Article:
Characters come alive with the superb animation (motion captured by some of the VAs themselves!) that only has the smallest of hiccups in tight situations in-game. Joel shrugs his shoulders and shakes his head at the thought of having to travel across states with a teenage girl, and I believe his frustration. Ellie shows all her doubts and dreams in her wide-eyed stares and the slight downward curve of her pursed mouth.
Without relying on bombastic gestures, the cast is rendered all the more human with subtle body language saying all that needs to be said. This nuanced display of emotion then makes their outbursts all the more powerful.
The infected also show how great a job the animators did; writhing, twitching, lumbering and running after the player in appropriately disturbing and manic fashion.
Much kudos should be given to the sound department as well. Every footstep is distinct depending on the ground covered. You can hear the crunching of broken plates just as panic sets in, having alerted an enemy because of your mistake. Voices are muffled in the distance and when behind obstacles, only getting clearer in open spaces and in close proximity.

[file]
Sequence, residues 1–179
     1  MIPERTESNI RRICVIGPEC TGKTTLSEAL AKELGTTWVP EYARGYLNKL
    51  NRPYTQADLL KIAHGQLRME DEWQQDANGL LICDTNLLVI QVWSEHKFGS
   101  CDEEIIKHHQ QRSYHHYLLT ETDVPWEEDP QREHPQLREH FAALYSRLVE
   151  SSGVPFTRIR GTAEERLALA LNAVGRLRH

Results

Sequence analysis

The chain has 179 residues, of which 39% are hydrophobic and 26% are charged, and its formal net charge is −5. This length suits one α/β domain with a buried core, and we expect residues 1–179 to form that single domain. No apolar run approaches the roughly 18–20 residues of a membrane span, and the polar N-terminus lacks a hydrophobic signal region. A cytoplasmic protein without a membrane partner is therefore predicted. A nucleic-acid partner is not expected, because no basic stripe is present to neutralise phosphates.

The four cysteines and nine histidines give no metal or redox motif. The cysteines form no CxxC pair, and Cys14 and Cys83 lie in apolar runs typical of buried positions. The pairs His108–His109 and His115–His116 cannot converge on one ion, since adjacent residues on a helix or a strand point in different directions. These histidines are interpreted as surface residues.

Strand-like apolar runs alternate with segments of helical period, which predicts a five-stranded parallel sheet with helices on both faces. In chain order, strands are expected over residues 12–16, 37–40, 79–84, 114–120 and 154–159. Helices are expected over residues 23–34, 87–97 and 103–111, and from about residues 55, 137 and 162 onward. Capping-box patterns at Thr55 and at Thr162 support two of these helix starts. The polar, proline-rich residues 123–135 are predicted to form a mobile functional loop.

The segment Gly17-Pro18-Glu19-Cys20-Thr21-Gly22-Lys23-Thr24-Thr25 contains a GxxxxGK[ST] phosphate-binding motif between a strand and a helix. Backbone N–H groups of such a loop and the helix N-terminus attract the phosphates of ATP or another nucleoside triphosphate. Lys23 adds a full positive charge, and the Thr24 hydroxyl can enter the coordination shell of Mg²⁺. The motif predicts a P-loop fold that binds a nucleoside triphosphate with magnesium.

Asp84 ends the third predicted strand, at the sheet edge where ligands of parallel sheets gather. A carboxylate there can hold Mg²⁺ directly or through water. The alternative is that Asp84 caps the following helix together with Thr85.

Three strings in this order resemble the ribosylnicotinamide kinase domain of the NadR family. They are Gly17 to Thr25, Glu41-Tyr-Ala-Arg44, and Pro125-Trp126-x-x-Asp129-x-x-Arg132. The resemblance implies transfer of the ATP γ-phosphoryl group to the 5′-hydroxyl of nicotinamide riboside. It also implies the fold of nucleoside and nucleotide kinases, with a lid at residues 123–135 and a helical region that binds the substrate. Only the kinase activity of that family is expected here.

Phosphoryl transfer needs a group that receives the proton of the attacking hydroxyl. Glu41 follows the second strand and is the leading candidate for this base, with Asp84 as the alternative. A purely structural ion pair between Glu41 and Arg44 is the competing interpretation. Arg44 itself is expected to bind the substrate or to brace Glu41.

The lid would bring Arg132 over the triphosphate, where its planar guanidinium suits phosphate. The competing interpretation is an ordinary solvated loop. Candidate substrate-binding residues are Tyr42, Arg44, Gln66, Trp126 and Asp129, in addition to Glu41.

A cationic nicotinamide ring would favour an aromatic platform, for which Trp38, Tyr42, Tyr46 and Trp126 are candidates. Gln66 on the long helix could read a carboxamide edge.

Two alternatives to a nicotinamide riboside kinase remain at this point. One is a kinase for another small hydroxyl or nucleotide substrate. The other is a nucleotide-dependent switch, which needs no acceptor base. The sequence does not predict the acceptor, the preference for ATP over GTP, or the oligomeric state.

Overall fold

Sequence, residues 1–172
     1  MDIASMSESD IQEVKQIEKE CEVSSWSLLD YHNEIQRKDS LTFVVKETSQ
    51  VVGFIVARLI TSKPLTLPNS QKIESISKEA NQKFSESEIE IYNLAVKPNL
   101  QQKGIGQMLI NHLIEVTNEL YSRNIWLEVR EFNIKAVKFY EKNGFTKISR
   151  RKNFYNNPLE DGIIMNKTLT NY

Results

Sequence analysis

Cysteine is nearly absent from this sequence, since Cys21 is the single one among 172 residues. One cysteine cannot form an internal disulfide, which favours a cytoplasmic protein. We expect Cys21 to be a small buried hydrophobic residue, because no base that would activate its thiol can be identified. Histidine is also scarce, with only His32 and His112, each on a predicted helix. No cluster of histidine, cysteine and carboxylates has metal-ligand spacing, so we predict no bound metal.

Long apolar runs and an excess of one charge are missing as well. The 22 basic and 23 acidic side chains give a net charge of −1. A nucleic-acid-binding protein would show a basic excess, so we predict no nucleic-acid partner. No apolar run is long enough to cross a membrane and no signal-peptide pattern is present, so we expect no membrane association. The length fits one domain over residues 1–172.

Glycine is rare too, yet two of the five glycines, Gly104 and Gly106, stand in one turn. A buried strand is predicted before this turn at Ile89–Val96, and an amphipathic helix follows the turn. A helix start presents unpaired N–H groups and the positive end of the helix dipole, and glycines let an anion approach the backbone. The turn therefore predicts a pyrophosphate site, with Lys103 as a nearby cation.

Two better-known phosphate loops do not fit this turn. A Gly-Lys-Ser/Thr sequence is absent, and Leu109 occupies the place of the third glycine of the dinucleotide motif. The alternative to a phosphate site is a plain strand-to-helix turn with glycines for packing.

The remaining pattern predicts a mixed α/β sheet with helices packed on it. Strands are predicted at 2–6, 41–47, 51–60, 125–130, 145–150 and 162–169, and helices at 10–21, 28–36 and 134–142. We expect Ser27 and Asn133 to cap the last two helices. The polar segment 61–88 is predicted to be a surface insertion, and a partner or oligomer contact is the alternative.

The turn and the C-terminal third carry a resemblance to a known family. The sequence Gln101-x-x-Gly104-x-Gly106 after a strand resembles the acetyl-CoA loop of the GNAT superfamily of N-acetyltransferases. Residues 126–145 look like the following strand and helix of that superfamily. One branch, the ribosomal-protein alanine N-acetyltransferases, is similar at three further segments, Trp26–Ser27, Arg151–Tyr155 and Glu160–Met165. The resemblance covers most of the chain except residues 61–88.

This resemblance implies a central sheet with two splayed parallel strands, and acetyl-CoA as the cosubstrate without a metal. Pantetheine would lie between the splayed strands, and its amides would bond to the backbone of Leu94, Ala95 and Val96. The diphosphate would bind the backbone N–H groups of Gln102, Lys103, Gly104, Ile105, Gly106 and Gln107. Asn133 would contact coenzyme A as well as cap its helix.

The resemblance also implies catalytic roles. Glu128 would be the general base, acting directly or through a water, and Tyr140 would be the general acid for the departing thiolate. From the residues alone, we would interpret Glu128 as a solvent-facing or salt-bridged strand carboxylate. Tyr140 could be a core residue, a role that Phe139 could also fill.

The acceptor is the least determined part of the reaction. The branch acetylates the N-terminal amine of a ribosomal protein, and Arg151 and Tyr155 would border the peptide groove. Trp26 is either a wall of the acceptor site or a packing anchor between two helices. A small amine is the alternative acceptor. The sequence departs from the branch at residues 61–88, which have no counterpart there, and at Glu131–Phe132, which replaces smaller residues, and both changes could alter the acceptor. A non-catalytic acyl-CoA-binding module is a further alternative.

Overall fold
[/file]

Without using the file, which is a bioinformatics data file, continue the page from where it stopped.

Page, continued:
Gunshots puncture the silence like a signal for the ensuing chaos, shiv stabbings rip through your ears, the gurgles of the strangled are suffocating, and the weepings of Runners and the clicking of Clickers will haunt you.
Academy Award winning composer Gustavo Santaolalla crafted a very understated soundtrack. Clean guitar picks awash in melancholy move the music forward, while the undercurrent ebbs and flows from sinister to hopeful, slowly rising to the surface with heavy strums and ominous percussion.
The voice acting certainly doesn’t let down. Troy Baker showcases impressive restraint in his work as Joel, balancing grit and gallantry in his Texan accent. There’s force in his bark, resignation in his sighs, and warmth in his reassurances to Ellie.
Ellie’s VA is no slouch either. Ashley Johnson sounds every bit like a playful yet determined teenage girl with a potty mouth. She is earnest in her anger as well as in her wonder.